But since Facebook and social media became popular for a wider audience, I think other areas catch up on that.
For here, I dare say it is the case. Even though I don't want to claim it wasn't like this before in any way too. (If that was so, RTL and BILD newspaper had never survived until today...)

Well, a thing to regard in this matter, I think, is: For which side of the former inner German border you wanna have the piece of information?

As I perceive things - West Germany is the more Americanized part which tends to get obsessed with media, scandal and trivial stories way more than East Germany. In political things, I feel that coming through even stronger.
For a West German to make the conclusion "our whole system is fucked up" is less likely to happen that for someone who's been born and raised in the East, for example.
I don't know what to reason it with exactly... I guess the main part in this is: Because they're missing the basic idea in their mindset that the world, as they know them, can also disappear from one to the other day and become totally meaningless.
And technically, for West Germany this even didn't really happen even after WWII.
The post-Reich-state West Germany saw Nazis in government positions again right after the war (installed by the US, just for the note), let the guilt and atonement for its crimes disappear under the carpet (except for the bigger and more famous crimes that couldn't be denied), and in the depth of its state structure, law structures as well as structures in thought of the people who worked in it, not that much of the former Nazi state disappeared.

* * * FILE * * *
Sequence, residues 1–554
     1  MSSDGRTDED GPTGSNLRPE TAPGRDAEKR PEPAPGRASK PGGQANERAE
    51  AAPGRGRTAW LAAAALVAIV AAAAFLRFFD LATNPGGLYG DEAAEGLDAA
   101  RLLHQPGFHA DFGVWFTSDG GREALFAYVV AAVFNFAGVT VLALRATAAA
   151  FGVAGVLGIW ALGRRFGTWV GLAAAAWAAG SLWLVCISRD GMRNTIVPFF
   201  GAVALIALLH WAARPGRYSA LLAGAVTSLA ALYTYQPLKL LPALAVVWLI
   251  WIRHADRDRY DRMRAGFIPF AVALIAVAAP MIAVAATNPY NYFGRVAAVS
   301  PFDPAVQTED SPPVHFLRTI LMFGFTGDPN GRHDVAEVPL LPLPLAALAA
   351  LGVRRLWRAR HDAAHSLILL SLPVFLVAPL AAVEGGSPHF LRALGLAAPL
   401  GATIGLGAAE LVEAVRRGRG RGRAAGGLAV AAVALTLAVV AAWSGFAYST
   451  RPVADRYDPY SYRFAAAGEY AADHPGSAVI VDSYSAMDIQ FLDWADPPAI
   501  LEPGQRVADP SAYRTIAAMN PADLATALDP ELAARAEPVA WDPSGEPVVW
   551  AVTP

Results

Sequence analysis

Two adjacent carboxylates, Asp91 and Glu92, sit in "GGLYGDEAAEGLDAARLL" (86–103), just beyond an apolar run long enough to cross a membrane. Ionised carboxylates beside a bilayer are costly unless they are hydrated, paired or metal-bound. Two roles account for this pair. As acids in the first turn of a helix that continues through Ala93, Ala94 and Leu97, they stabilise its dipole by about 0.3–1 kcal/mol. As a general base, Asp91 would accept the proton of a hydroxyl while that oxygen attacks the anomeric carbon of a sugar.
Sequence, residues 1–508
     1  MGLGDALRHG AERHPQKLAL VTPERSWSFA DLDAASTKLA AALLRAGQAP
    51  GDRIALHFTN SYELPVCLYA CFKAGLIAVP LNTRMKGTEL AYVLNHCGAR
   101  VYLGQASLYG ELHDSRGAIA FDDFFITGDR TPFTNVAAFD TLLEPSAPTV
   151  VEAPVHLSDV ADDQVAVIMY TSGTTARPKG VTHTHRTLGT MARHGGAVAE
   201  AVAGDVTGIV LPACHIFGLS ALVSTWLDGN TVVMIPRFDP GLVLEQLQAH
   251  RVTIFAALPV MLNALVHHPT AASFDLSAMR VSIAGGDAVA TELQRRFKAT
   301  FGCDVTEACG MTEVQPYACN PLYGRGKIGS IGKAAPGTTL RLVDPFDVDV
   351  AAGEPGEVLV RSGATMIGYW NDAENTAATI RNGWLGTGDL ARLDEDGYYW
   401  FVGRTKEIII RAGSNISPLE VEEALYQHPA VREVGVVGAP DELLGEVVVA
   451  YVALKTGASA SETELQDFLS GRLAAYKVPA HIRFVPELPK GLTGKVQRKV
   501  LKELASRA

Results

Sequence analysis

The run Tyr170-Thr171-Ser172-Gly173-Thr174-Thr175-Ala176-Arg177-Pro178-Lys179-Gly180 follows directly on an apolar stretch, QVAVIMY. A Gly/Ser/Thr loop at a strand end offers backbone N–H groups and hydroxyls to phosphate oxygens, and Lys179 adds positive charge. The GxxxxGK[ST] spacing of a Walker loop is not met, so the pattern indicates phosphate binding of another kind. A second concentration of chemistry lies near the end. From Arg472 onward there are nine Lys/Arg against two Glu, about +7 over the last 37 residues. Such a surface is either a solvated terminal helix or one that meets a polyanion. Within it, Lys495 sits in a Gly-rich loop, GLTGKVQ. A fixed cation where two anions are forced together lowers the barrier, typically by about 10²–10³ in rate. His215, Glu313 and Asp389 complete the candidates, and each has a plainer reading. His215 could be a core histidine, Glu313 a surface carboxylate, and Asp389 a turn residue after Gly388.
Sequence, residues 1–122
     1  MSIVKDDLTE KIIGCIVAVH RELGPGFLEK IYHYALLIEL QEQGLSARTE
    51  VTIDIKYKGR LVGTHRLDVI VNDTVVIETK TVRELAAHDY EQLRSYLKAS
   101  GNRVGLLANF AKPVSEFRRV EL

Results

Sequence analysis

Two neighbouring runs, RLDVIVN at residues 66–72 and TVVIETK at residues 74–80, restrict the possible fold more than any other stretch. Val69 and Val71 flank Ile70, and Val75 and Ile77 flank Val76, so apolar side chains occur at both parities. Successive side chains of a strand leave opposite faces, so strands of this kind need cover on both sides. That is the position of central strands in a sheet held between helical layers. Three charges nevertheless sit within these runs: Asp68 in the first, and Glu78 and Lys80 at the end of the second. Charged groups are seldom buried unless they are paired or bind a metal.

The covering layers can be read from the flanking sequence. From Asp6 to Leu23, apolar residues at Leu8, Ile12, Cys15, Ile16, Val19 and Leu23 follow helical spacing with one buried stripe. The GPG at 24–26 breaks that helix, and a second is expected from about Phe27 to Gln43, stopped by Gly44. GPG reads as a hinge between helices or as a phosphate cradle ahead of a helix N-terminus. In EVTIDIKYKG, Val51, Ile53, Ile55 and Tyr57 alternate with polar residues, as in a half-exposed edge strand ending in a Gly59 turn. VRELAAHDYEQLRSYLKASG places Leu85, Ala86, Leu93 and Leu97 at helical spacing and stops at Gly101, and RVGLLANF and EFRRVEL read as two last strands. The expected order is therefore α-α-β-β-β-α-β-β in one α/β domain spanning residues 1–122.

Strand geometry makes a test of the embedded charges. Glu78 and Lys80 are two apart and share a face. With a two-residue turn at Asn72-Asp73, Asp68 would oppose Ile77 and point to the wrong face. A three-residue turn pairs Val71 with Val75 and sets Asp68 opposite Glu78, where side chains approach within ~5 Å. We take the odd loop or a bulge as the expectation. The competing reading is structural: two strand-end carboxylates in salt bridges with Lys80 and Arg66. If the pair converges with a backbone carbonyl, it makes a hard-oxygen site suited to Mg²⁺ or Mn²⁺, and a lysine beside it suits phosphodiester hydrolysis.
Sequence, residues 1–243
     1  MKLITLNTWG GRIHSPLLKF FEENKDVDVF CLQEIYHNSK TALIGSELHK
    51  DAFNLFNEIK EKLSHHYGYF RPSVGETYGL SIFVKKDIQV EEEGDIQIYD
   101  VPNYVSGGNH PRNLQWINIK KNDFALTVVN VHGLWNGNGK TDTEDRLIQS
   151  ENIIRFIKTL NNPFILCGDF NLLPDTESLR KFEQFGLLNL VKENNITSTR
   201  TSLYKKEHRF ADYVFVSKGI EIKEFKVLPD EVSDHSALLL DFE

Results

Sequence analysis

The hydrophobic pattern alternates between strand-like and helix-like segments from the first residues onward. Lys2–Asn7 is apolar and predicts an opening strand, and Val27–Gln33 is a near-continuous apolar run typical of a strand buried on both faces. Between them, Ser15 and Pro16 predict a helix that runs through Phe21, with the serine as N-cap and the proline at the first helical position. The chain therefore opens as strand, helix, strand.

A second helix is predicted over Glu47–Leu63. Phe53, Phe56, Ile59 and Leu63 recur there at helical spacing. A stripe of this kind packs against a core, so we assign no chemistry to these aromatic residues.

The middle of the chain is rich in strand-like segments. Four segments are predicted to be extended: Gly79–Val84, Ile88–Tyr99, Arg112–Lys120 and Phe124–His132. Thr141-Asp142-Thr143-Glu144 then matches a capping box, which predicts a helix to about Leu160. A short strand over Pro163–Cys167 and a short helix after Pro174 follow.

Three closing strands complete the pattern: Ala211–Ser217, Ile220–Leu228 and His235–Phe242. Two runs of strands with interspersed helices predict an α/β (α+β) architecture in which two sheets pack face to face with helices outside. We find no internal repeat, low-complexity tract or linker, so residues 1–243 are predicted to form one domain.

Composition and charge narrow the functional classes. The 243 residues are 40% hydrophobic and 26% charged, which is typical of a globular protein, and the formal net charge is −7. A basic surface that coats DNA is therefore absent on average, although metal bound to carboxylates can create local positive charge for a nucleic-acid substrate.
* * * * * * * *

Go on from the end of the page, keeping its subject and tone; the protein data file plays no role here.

Most people from West Germany surely aren't aware of that, but I think you notice that even though in some very deep-lying points on a subtle level...

One of that is this thing "not getting upon the idea to not only get rid of certain politicians, but putting a whole system into question".
Which, on a subtle level, requires the precondition "I don't think we're that much on the wrong track here" - maybe also leading to the fact that Westerners in general have a problem to draw the conclusion of systematic patterns instead of just "seeing it as single independent cases" (and if they do it, then they do it with things religiously and see patterns under mostly emotional viewpoints).
Well... and what would you expect in awareness from that?
Not much, I think.

And I feel like noticing that in conversations about politics, when people are from West Germany. Even I! Although I cannot even build up an identity as a "citizen of the GDR" because I'm too young to know what that would mean in its full extent (and neither would want to).
I'm only sensitive to structures and patterns, respectively have an eye for it. I do not see these things with resentment...